Rapper Tekashi 6ix9ine Sentenced To Two Years In Prison On Drug, Gun Charges

Bob LeveyGetty Images

Rapper Tekashi 6ix9ine, whose real name is Daniel Hernandez, has been sentenced to two years on a multitude of charges stemming from his involvement with a Brooklyn street gang that terrorized its neighborhood, CNN reports. Prosecutors had pleaded for leniency since the rapper provided valuable testimony against his former gang.

Tekashi 6ix9ine, who professionally goes by multiple variant spellings of his stage name, wasn’t actually affiliated with any street gangs, much less Brooklyn’s the Nine Trey gang, which at one time was known for terrorizing the city. Some of the gang’s alleged crimes include a March 2018 shooting in Times Square, an April 2018 shooting at the Barclay’s Center, and a June 2018 shooting at the W Hotel in Times Square.

Hernandez, for his part, admitted that he used the gang to artificially legitimize his “street cred” and began giving them money to fund their operations.

Last November, however, Hernandez and other Nine Trey gang members were arrested and charged with multiple federal crimes, including racketeering. Hernandez himself was charged with federal racketeering and firearms charges, including conspiracy to murder and armed robbery, and faced up to life in prison.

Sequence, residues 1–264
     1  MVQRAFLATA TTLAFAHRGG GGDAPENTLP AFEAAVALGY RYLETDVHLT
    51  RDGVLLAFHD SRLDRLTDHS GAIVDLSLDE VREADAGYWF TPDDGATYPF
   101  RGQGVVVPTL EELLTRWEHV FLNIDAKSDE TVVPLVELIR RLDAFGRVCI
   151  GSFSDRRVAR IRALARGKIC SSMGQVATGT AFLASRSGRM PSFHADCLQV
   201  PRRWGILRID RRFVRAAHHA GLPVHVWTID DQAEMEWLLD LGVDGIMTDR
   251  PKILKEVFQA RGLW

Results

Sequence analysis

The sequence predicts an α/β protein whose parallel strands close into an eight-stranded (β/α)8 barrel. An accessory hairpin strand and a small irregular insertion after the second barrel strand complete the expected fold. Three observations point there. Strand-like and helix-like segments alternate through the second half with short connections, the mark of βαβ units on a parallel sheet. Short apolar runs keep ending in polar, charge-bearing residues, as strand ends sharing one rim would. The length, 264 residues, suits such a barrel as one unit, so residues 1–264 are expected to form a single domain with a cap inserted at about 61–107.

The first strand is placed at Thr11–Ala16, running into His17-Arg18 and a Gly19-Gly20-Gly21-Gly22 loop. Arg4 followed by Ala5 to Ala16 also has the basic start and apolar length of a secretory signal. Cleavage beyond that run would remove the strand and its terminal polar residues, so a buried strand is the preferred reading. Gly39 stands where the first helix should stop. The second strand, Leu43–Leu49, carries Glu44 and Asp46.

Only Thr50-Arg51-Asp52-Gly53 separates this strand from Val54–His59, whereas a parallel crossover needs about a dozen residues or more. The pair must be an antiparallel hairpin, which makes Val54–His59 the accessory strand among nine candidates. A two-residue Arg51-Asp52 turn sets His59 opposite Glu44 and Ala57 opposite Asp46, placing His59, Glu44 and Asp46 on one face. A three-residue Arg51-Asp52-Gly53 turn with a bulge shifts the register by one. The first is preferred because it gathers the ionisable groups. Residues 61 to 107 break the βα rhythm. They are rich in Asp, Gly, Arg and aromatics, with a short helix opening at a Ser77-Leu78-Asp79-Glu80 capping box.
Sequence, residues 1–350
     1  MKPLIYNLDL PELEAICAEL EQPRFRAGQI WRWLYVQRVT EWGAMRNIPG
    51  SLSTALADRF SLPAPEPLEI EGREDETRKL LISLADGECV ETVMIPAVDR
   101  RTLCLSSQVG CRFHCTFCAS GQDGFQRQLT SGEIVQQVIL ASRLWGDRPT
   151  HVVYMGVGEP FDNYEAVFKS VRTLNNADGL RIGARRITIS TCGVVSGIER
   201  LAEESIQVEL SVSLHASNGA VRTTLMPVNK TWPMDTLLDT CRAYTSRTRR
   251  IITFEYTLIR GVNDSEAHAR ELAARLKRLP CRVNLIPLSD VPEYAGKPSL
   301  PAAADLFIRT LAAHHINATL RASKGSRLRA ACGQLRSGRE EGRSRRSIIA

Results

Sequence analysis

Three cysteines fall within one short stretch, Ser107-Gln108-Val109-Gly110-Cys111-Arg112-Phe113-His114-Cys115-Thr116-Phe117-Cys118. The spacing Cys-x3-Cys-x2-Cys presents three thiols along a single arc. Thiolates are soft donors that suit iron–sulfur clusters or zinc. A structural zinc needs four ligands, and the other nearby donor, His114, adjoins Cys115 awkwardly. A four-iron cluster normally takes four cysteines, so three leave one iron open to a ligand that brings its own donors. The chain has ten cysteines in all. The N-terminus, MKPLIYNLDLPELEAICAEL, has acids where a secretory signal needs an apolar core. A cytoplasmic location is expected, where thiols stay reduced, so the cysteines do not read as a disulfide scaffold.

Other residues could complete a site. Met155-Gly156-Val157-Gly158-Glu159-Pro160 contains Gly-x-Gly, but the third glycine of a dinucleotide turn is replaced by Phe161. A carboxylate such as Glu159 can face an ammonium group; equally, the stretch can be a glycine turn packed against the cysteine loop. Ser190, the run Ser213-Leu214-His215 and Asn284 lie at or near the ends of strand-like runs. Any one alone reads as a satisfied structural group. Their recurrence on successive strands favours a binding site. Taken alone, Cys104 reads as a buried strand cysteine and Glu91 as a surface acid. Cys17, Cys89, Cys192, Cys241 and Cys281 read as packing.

However, in February 2019, Hernandez took a plea deal. As TMZ reported at the time, that plea deal would result in a short sentence and witness protection after he’s released in exchange for his testimony against the gang. Hernandez took the plea deal and provided the testimony, which gave authorities a look at the inner workings of the gang and helped put at least two members behind bars.

rapper daniel hernandez flashes gang signs
Featured image credit: VladimirWikimedia Commons(CC BY 3.0 )

This week, Hernandez’s attorney, Lance Lazzaro, noted the usefulness of his client’s testimony to federal authorities and urged the judge to sentence the rapper to time served. However, Judge Paul Engelmayer, while giving the rapper credit for helping prosecutors send several violent gang members to prison, instead sentenced him to two years, plus the 13 months of time he already served, according to The New York Times. Further, Hernandez was also sentenced to five years supervised release plus 300 hours of community service.

In a letter to the judge, Hernandez apologized to his fans for letting them down.

“I now know that I am remorseful for what happened because I was blessed with the gift of an opportunity that most people dream of but I squandered it by getting involved with the wrong people and misrepresenting myself when I should have been true to myself and my fans,” he wrote.